Friday, October 12, 2012
Ind. Decisions - More on: Federal court ruling holds the right to be issued a photo ID needed to vote, marry and adopt children is a property right protected by the 14th amendment
The headline to the long story by Jill Disis reads "One man's quest to prove his identity: State's voter ID law sets stage for legal battle that goes back to a name change from long ago." The story begins:
Joesph Worley is a Hoosier, born and raised.The Fort Wayne Journal Gazette remarks on the decision today in its opinion column, Furthermore ... The heading: "License snag highlights deficiencies of voter law." Some quotes:
But to prove his residency to the state of Indiana, he can't use his birth certificate, Social Security card or proof of residence.
He needs his mom.
Worley is in the middle of a two-year battle with the state for a photo ID card, something he says he has been denied because of tough identification requirements imposed by the Indiana Bureau of Motor Vehicles.
Couple that with Indiana's voter ID law -- one of the strictest in the nation -- and Worley says his case turns into an argument against voter disenfranchisement.
Now, Worley's case could set a new precedent for legal identification. On Tuesday, two years after he sued the state to obtain a photo ID, a federal judge has ordered the BMV to allow Worley a due-process hearing. And his mom's testimony might be the determining factor.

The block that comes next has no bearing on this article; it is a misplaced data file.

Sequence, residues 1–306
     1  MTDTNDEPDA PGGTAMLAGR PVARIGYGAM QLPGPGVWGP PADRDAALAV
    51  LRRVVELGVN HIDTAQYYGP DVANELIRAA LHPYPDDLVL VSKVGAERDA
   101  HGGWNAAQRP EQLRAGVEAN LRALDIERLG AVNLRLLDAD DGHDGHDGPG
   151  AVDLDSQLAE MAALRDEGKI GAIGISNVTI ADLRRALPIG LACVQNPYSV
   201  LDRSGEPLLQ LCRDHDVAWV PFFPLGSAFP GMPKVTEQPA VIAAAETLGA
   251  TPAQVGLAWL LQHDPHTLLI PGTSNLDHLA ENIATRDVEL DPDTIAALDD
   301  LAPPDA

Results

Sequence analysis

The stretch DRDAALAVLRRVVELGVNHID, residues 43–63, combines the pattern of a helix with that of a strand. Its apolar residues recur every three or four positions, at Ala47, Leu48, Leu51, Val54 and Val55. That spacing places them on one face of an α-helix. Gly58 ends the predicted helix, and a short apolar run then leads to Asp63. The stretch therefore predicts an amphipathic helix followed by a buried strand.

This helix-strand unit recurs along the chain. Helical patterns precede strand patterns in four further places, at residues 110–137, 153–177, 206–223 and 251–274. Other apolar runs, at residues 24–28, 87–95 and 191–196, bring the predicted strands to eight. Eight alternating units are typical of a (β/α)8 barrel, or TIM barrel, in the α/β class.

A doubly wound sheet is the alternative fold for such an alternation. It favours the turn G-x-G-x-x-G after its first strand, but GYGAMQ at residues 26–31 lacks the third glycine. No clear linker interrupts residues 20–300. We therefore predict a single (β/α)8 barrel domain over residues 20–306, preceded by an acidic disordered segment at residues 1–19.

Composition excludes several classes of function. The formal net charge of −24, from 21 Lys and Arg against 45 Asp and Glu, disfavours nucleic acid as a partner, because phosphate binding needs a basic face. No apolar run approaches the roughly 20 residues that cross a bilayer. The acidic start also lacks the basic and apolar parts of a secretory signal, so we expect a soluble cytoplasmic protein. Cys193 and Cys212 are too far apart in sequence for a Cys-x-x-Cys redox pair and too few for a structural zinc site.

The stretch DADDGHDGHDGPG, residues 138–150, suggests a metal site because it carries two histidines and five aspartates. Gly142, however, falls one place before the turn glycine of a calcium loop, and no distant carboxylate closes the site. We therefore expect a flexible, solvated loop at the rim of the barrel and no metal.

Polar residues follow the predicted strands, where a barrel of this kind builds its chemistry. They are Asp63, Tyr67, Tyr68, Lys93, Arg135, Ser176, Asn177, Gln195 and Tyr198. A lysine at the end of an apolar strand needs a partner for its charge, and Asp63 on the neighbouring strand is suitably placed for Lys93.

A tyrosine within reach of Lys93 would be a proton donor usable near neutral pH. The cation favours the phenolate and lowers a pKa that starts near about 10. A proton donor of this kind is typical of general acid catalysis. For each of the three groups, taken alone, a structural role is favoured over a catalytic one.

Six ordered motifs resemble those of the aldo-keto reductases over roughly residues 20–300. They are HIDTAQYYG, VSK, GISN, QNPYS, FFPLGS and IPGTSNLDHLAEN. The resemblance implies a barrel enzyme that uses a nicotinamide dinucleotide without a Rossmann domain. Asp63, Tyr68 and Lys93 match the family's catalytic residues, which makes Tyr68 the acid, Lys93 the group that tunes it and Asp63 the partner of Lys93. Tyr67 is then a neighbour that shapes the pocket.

"Most people aren't required to prove they are who they say they are," said Worley's attorney, William Groth. "There's not really a lot of precedent for what they have to produce when their identity is challenged.
"I suppose the best evidence that one can produce is one's own mother. She's willing to testify that, yes, she gave birth to him."
The hearing date isn't set, and Groth is hoping the BMV decides to drop the case and give Worley an ID card. But to understand Worley's complex problem, you have to go back to the beginning.
Supporters of voter identification laws often argue that everyone who wants a valid ID can get one if they only try, ignoring the complications facing people who were born hundreds of miles away or who may not have a birth certificate.
This week, another problem with getting ID was made public in federal court.
A federal judge who six years ago upheld Indiana’s tough voter ID law ruled a Hoosier was denied his 14th Amendment right to due process after the Bureau of Motor Vehicles refused to give him a driver’s license or ID. The problem? His birth certificate and Social Security card – through no fault of his own – do not match.
“Our review of the record indicates that Mr. (Joseph) Worley cannot avail himself of the appropriate state law remedy, which is completion of the name change process detailed in the Indiana Code,” U.S. District Judge Sarah Evans Barker wrote.
Posted by Marcia Oddi on October 12, 2012 09:06 AM
Posted to Ind. (7th Cir.) Decisions